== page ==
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Migrant Education Summer-Intersession

Frequently Asked Questions for the Migrant Education Summer-Intersession for fiscal year 2009-10.
1.  What is the purpose of the Category 2 child count?

According to the Title I, Part C Education of Migratory Children, Draft Non-Regulatory, the “Category 2 child count is an unduplicated count of migrant children who were served for one or more days in Migrant Education Program (MEP) - funded summer or intersession programs in the State during a 12-month period.” The Category 2 child counts are used to calculate funding for each state and by the California Department of Education (CDE), for each grantee.

2.  What is the intent of summer/intersession funding?

Summer and intersession program funding is intended to support the unique educational needs of migrant children and the additional costs associated with operating these programs. Programs should be designed not only to serve as many migrant students as possible, but also to make good use of funds by employing creativity and collaboration with other funding sources and to offer the best possible programs for the longest possible time.

3.  Are summer services required?

Yes. The California Education Code (EC) states:

Section 54444.3(a): Each operating agency receiving Title I Migrant Education funding shall conduct summer school programs for eligible migrant children in kindergarten and grades 1 to 12, inclusive. The summer school programs shall respond to the individual needs of participating pupils and shall build on and be consistent with the instructional programs offered to these pupils during the regular school year. Each summer school program shall be funded, to the extent that funds are available, by federal funds earmarked for migrant education programs . . .
4. What is considered a “service” for Category 2 funding purposes?

"Services" are those educational or educationally related activities that: (1) directly benefit a migrant child; (2) address a need of a migrant child consistent with the state education agency’s (SEA) comprehensive needs assessment and service delivery plan; (3) are grounded in scientifically based research or, in the case of support services, are generally accepted practice; and (4) are designed to enable the program to meet its measurable outcomes and contribute to the achievement of the State’s performance targets.1

The best examples of MEP-funded summer/intersession service are those that are instructional by their very nature. This includes, in particular, full-fledged on-site summer school programs meeting 5 days a week over several weeks for all or part of the day. The services may be entirely MEP-funded. However, they can also be offered in collaboration and be supplemental to the school district or other community organizations such as the public library, Boys and Girls Club, Young Men's Christian Association (YMCA), etc. As long as MEP pays for part of the overall program, the entire project qualifies.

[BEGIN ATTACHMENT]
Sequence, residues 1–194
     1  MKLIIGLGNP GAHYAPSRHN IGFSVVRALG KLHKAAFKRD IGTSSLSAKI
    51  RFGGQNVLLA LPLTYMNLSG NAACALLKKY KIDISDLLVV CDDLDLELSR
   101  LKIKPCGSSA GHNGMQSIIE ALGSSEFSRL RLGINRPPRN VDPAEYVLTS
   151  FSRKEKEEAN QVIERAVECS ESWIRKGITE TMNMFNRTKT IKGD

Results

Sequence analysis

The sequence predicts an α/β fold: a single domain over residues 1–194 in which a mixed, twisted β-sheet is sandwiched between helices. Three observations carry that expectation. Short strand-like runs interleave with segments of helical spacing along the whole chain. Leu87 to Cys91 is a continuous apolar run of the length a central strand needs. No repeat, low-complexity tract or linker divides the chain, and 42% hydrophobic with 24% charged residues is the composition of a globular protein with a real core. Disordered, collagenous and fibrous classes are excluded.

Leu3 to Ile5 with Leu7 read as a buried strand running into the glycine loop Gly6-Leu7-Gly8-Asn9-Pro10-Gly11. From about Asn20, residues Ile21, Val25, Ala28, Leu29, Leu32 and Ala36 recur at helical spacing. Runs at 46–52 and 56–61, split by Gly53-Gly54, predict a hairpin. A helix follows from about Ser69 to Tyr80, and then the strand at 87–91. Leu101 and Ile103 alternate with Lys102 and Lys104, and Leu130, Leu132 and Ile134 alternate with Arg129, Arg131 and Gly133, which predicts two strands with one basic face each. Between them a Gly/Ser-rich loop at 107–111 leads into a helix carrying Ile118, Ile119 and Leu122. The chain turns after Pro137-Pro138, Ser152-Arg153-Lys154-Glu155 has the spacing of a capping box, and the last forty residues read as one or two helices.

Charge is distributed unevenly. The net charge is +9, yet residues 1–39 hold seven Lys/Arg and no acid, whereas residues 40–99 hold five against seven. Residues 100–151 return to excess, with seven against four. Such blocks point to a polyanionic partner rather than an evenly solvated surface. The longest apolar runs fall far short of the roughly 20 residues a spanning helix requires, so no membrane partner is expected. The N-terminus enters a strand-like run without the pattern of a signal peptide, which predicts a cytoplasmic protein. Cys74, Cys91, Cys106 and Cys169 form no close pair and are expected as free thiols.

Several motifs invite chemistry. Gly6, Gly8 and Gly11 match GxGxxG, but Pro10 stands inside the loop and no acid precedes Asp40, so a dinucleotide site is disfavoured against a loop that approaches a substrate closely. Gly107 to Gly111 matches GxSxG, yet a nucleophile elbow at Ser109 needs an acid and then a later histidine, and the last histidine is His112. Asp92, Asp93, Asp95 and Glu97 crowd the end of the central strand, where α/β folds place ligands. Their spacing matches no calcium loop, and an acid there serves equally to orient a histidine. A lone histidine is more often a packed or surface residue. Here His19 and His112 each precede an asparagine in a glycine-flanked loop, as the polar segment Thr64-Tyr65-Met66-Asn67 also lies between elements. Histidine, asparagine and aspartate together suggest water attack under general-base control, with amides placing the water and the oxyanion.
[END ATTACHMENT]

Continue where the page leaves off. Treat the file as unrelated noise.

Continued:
Example 1: The Reading is Fundamental (RIF) program pays for the books, but MEP operates the distribution and ongoing academic activities related to reading.

Example 2:  The student goes to district summer school, but MEP pays for transportation. Close-Up, Outdoor Education, Portable Assistance Study Sequence (PASS), Work Study and Computer Camp are examples of instructional services frequently offered during summer or intersession.

5.  Do non-instructional services qualify for Category 2 funding?

Yes. A non-instructional service may qualify for summer funding if its purpose is to improve or support education. The non-instructional service must intend to facilitate a student’s return to school and/or improve attendance, learning or school performance. Guidance and counseling, social work outreach, health, nutrition, pupil transportation, leadership and self-esteem projects and any other supportive service programs that will decrease obstacles to reaching academic goals may be included as qualifying services. For example, a summer program might provide vision, dental screenings and treatment to a group of migrant students who were not present when required health screening occurred.

6. Does “advocacy” (resulting in access to a non-MEP funded summer/intercession service) constitute a “service” for Category 2 funding purposes?